I posted a tweet the other day, and since then I’ve just been thinking more and more about it. Here it is to give you some context:

“When students post how God is moving in their lives & mention your leaders, not you… rejoice. It’s a good thing, you’re letting them lead.”

As leaders of a ministry, we sometimes get caught in the trap of thinking we need to be the ones in the limelight. That we are the ones students need to post about. That we need to be the ones in all the photos of “favorite people” at your ministry. Someone posted a picture the other day with one of our leaders saying, “This person has shown me more about God and has helped me grow more than anyone at youth group” and my first reaction was…

“Really? I run this thing.”

Then I immediately felt convicted and realized I am actually doing what I want to be doing. I want to give away everything. I know I cannot effectively minister to everyone who shows up on a Wednesday. I know I need more and more caring adults pouring into the lives of students. When they do that, our ministry becomes more and more attractive because of the relationships formed. When students don’t post about us but about another leader… rejoice! It means you are letting them lead.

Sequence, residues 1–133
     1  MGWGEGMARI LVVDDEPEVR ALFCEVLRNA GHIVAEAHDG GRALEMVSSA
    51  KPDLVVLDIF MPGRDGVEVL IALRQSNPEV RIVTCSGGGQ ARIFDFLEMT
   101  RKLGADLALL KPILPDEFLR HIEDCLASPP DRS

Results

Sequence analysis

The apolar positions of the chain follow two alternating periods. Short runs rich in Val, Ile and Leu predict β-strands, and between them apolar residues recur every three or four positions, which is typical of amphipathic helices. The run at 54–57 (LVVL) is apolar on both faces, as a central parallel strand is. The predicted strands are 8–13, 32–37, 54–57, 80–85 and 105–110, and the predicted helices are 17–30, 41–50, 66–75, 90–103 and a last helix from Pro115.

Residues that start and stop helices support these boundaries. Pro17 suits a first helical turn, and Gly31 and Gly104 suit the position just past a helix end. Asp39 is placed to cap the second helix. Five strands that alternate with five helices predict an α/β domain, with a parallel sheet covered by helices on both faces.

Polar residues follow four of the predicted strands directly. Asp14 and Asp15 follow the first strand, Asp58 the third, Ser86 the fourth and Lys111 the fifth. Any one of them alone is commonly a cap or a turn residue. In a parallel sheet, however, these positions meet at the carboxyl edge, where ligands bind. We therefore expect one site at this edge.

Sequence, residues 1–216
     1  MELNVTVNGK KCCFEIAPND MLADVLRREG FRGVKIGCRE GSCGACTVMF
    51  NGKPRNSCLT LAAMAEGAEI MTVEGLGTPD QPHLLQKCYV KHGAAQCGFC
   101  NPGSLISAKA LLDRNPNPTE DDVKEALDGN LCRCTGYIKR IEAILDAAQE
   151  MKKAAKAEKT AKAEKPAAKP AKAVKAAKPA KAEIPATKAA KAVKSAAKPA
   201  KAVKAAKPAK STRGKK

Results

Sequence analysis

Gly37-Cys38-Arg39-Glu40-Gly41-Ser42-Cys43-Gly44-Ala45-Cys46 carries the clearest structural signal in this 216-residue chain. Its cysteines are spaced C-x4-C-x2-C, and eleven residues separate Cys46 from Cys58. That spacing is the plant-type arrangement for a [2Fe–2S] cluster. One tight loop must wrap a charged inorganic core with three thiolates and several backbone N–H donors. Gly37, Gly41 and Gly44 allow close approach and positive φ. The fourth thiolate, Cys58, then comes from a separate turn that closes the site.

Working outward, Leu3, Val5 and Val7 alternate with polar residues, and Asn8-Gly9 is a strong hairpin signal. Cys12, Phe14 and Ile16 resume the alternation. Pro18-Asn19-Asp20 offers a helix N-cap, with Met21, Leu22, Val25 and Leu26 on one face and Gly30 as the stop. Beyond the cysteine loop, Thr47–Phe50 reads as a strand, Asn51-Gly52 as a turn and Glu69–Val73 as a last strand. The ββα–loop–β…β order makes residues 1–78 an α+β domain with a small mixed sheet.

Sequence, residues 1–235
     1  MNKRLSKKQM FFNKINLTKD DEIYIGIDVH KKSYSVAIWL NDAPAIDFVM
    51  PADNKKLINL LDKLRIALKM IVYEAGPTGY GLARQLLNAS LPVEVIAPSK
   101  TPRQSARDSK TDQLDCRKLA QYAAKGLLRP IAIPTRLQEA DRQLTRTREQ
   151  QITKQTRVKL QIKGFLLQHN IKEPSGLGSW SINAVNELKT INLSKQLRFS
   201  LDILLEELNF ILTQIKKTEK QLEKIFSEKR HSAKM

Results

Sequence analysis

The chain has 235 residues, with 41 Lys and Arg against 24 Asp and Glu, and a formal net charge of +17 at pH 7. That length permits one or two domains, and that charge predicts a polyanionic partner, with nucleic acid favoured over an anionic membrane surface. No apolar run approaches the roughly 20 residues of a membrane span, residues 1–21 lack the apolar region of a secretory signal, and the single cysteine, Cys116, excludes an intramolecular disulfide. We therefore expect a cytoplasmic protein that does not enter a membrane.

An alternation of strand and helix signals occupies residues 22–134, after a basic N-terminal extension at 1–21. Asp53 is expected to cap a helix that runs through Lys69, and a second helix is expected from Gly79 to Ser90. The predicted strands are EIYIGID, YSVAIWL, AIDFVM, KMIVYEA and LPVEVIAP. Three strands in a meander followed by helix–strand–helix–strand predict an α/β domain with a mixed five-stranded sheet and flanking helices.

Here is just a quick list of things I want to give away more, and maybe you should work on this too:

  • Time with students. I want to really pour into my small group guys and allow leaders to go and invest in more students. When we do this, it makes our big group feel small.
  • Give away control of services. Get leaders and students involved in planning and executing your service and events, and watch them take ownership.
  • Campus ministry. I could make a full-time job of campus ministry with how much stuff goes on in schools. I want to give away leadership and ownership to our student leadership team and encourage them to own taking up outreach on their own campuses. They know way more students than I do.
  • Give away ideas. I know I have good ideas. But not all my ideas are the best ideas. When planning, I want to let the “best idea win” and collaborate more than I ever have with my team, with our leaders, and with our students to come up with the best ideas to reach more students.
  • Give away titles. I learned this from Doug Fields and Josh Griffin. Give away your title. Your leaders are pastors. You might be the paid pastor, but give away your title and allow your leaders to be pastors to the students they have relationships with. Let them do what you do.
  • Decisions and baptisms. I cannot wait for the day when no students ask me to baptize them, but they ask the leaders who are involved in their lives to baptize them instead. That is how I know I am being a great leader.

These are just a few off the top of my head, but I can tell you I will continue to work on this list of things to give away so I can be a more effective leader. What would you add?